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Alan Rich – So I’ve Heard

An old friend of mine recently commented, "you always have had the best taste in music!"  Well thank you, but Alan Rich is the man! He has been the voice for Los Angeles music criticism for 20 years and I have learned more than a thing or two by keeping abreast of Alan's work. Now, we are so lucky to have SO I'VE HEARD, the blog. To say that this is a Rich resource would not only be a bad pun, but also an understatement. So I've Heard has cataloged reviews going all the way back to January 1983 when Alan Rich and Steve Reich discuss together Reich's, then new recording, "Tehillim". It's heaven! When I was informed of So I've Heard, I immediately added it to my blogroll. I encourage everyone to spend some quality time … [Read more...]

Pleasure’s Exhortation

If you have never experienced Cecilia Bartoli live then you may have missed the whole drama. There is such an infectious exuberance in her performances. She is manifestly compelling. I have been looking for a video that does her justice, but as much as I may enjoy the looking, the listening pales. So let me offer you this,  Pleasure's Aria from Handel's Il Trionfo del Tempo e del Disinganno (The Triumph of Time and Enlightenment). Opera Proibita, Cecilia Bartoli, les Musiciens de Louvre — Grenoble, Marc Minkowski. 2005 Decca Music Group This 18th century allegorical oratorio, libretto by Benedetto Pamphilj, in which Time and Enlightenment gradually persuade Beauty to relinquish her attraction to the transitory joys of … [Read more...]

Matthias Goerne Interview – Playlist

  We are very lucky here is Los Angeles to have as an evening radio host Jim Svejda. His impeccable taste, intelligent musings and incredible depth of knowledge of classical music and film make his weekly show the Record Shelf required listening. On January 13th, 2009 we were treated to a full four hour interview with German Baritone Matthias Goerne.   I have seen Goerne in recital on several occasions and own a fair share of his recordings. Matthias Goerne, along with Wolfgang Holzmair and Thomas Quasthoff  have emerged as today's foremost interpreters of the German baritone repertoire and art song. Many compare Goerne's lieder execution with that of his teacher, Dietrich Fischer- Dieskau, but I prefer … [Read more...]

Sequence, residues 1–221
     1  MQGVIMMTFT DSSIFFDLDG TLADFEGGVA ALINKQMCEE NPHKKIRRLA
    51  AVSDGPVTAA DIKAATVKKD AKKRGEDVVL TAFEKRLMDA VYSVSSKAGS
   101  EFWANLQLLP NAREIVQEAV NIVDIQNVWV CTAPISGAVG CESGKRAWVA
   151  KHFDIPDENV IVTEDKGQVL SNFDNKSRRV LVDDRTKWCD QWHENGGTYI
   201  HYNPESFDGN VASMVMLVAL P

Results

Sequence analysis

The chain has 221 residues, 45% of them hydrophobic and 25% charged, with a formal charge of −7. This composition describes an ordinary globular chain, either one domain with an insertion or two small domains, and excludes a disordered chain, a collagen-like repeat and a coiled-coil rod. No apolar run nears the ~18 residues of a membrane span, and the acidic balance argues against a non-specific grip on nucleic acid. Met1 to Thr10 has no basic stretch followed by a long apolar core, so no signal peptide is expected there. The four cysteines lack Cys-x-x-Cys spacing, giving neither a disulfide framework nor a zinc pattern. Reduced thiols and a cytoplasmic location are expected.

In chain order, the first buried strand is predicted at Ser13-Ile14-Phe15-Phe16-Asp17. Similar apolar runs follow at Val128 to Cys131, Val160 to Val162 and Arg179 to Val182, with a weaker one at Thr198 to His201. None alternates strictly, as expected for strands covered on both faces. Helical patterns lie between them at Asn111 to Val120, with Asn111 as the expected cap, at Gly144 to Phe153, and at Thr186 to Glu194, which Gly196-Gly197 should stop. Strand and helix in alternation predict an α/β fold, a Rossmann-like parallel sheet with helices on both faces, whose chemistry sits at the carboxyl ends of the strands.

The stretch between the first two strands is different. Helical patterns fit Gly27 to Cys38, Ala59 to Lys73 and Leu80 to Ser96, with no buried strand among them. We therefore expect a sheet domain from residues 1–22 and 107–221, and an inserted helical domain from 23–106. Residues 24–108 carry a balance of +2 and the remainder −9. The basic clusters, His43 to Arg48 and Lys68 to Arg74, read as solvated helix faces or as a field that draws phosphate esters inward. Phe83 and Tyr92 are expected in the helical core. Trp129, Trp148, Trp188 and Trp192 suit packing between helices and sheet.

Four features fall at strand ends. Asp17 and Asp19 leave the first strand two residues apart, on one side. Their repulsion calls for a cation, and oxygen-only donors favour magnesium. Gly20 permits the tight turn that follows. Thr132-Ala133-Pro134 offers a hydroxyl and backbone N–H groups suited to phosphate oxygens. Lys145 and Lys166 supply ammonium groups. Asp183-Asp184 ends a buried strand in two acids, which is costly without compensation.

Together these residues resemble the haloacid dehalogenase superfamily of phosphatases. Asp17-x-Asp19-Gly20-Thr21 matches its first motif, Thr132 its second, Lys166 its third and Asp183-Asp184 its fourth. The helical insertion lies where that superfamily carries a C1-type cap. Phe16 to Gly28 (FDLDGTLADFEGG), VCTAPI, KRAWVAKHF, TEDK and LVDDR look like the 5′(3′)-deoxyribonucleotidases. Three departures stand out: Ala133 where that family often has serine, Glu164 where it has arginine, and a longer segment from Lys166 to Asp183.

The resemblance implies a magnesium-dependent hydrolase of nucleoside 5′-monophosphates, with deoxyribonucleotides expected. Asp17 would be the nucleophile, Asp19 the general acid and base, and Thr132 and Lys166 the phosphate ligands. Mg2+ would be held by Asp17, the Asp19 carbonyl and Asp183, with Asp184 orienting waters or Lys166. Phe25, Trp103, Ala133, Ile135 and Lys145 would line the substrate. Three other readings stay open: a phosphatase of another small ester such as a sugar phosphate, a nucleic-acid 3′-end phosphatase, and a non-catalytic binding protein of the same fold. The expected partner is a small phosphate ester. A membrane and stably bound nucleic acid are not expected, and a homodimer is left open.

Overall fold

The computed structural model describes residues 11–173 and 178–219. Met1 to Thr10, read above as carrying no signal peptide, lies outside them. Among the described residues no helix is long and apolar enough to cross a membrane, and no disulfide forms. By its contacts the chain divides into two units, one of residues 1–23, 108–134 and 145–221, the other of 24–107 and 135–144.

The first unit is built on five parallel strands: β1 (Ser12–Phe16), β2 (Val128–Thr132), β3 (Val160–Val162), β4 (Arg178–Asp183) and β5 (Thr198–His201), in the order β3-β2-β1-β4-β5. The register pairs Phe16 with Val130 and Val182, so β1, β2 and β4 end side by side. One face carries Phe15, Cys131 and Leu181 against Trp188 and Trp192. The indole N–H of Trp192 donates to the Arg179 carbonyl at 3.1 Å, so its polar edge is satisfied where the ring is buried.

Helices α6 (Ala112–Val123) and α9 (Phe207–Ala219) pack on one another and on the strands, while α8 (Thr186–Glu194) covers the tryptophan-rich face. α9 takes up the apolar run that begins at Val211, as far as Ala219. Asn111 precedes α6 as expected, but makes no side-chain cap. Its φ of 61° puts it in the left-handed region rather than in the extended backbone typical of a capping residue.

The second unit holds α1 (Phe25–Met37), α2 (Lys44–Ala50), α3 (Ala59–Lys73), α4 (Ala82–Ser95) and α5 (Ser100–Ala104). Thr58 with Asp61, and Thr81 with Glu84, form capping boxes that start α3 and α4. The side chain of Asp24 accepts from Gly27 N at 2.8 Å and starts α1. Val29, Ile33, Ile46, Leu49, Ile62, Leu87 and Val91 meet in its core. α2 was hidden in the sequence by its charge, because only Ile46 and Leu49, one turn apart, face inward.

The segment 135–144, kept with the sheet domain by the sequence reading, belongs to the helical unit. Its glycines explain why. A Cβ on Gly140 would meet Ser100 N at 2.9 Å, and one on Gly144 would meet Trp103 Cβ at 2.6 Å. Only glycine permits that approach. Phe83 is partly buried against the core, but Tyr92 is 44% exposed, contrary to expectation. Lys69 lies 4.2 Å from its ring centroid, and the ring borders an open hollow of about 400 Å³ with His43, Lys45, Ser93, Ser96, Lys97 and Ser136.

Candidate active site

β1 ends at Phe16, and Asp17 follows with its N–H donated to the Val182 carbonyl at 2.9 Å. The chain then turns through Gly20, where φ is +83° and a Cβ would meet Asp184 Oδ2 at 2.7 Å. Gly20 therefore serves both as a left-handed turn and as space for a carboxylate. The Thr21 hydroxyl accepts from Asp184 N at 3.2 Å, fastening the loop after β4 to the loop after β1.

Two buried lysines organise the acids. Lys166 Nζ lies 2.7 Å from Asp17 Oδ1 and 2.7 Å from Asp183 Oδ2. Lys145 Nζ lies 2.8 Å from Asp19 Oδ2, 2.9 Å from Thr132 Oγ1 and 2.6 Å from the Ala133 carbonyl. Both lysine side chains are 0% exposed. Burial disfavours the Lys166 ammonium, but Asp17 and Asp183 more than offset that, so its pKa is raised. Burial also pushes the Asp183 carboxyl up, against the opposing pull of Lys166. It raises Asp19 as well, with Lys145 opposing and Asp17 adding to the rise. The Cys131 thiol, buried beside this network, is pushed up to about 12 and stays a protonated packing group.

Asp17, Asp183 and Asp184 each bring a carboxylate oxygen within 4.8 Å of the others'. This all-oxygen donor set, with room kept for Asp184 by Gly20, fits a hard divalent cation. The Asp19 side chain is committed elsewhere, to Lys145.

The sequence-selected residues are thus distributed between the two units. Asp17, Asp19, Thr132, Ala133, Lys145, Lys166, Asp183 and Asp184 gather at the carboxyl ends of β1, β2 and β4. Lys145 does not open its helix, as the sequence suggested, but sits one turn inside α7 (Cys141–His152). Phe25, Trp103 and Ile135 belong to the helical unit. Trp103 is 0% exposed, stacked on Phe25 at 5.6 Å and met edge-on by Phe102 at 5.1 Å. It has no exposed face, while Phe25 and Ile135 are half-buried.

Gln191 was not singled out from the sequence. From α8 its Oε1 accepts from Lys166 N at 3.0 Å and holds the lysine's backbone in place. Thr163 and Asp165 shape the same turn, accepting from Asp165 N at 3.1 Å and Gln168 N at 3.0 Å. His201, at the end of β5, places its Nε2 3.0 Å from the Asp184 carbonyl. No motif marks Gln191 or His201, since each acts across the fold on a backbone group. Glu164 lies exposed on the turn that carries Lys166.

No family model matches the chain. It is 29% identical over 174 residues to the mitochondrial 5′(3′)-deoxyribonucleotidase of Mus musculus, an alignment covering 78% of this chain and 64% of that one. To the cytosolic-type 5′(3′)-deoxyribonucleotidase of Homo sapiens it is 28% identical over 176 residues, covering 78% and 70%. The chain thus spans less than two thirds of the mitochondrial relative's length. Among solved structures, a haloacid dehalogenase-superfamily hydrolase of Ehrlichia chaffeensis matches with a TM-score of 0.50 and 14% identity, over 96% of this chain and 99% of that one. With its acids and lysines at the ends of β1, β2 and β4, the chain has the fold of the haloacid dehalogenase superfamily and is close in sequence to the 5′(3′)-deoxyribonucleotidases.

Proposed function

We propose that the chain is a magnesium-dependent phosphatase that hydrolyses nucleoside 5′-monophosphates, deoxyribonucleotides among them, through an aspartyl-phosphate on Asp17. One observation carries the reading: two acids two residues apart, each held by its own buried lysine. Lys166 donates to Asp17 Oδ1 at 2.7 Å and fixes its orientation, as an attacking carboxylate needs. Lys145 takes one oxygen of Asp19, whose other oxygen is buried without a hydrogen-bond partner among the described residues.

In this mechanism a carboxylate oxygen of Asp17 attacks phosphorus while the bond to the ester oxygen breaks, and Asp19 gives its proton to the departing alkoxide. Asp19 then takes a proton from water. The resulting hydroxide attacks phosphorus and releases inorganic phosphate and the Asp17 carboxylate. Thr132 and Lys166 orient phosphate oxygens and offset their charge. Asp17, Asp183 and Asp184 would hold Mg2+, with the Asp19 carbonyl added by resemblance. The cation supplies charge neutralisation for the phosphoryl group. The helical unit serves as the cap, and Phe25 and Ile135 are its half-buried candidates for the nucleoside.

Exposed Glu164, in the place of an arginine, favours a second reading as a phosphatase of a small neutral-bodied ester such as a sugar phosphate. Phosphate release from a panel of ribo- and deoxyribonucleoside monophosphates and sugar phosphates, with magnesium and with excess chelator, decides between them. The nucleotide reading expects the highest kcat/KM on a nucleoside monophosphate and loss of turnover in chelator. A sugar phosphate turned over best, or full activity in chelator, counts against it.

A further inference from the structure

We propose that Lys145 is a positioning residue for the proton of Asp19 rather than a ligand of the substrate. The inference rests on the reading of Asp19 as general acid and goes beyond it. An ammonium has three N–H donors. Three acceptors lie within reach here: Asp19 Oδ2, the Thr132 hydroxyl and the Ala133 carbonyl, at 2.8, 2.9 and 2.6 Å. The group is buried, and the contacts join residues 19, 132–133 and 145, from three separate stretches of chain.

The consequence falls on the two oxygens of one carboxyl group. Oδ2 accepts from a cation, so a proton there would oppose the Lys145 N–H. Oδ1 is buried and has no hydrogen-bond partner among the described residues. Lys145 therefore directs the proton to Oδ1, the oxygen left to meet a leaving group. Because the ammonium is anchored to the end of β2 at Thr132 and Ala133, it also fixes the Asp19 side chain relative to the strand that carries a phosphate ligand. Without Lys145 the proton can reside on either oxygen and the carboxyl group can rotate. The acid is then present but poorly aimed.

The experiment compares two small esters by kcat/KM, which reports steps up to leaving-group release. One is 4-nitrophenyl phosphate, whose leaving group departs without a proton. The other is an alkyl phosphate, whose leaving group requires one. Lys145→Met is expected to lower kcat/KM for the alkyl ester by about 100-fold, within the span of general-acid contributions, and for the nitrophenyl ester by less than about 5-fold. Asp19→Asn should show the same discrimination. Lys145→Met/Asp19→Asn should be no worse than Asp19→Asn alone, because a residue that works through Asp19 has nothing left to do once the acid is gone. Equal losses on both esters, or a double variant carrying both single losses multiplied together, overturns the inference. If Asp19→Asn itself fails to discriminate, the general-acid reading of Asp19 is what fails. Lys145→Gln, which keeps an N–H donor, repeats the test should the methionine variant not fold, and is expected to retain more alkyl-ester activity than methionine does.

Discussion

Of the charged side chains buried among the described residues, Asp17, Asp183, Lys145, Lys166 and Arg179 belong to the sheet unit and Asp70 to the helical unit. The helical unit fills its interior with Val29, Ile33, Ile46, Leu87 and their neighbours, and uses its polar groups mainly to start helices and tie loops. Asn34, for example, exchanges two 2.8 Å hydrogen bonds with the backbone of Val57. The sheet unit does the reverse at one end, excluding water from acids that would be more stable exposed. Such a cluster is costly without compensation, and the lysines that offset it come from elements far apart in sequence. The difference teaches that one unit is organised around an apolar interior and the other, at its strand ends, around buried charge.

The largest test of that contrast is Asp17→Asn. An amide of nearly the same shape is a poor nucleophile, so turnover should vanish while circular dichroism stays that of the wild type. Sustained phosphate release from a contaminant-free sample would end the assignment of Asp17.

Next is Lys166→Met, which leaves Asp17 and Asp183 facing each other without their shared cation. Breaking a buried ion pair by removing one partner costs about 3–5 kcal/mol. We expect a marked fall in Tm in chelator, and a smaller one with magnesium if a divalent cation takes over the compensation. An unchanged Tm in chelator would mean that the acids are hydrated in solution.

Werner Herzog, February 20, 2009, Royce Hall, UCLA — Part 1

Werner Herzog truly has an infinite amount of things to speak of. I wanted to speak about this lecture sooner, but in attempting to do so I found myself, like Alice, sliding down the proverbial rabbit hole, tracking sown some strange and wondrous knowledge. Here is what I learned: PART 1_ That George Murphy and Fred Astraire danced and sang their hearts out in the Cole Porter "Broadway Melody of 1940". If you get a chance to see it on the big screen, do it! That Werner Herzog is a human enthusiast, a champion of the raw psyche, condensed emotionality, "Fever Dreams", and the "Ecstatic Truth". Thus being said, he is the prime candidate to direct opera. Documenting the Wodabee tribes of the Sahara provides Herzog with the … [Read more...]

Happy Birthday George Frideric Handel

George Frideric Handel (23 February 1685 – 14 April 1759) Here, for a taste comparison, are two versions of "Ombra mai fu" from Handel's opera Seres (Xerses). The first selection is from the late mezzo-soprano Lorraine Hunt Lieberson. Handel Arias, Harry Bicket and the Orchestra of the Age of Enlightenment.   Selection two is from the counter-tenor Andreas Scholl. Here from the Heroes CD, Sir Roger Norington, also with the Orchestra of the Age of Enlightenment.    It is difficult not to become rhapsodic when describing Lorraine Hunt Lieberson. Her voice possess a pure emotionality tempered by intelligence. When she died at the age of 52 in 2006 it sparked in me a moment of mortality that I could … [Read more...]

Leon Fleisher Interview – Playlist

Leon Fleisher was interviewed by Jim Svejda on KUSC in October 2008 in a two part broadcast. I was glued to the conversation. A profound examination of the art of music, playing, and above all listening. Fleisher lost the use of his right hand due to focal dystonia. In the interim he focused on teaching, conducting and continued performing the left-handed repertoire. Unfortunately these inteviews are not available for transcript due to copyright laws. Below is the playlist from program one, all performed by Leon Fleisher. All Impressive.  This track is from Fleisher's first recording in 40 years after regaining the use of his right hand, "Two Hands", released by Vanguard Classics in 2004. Please enjoy listening to "Sheep … [Read more...]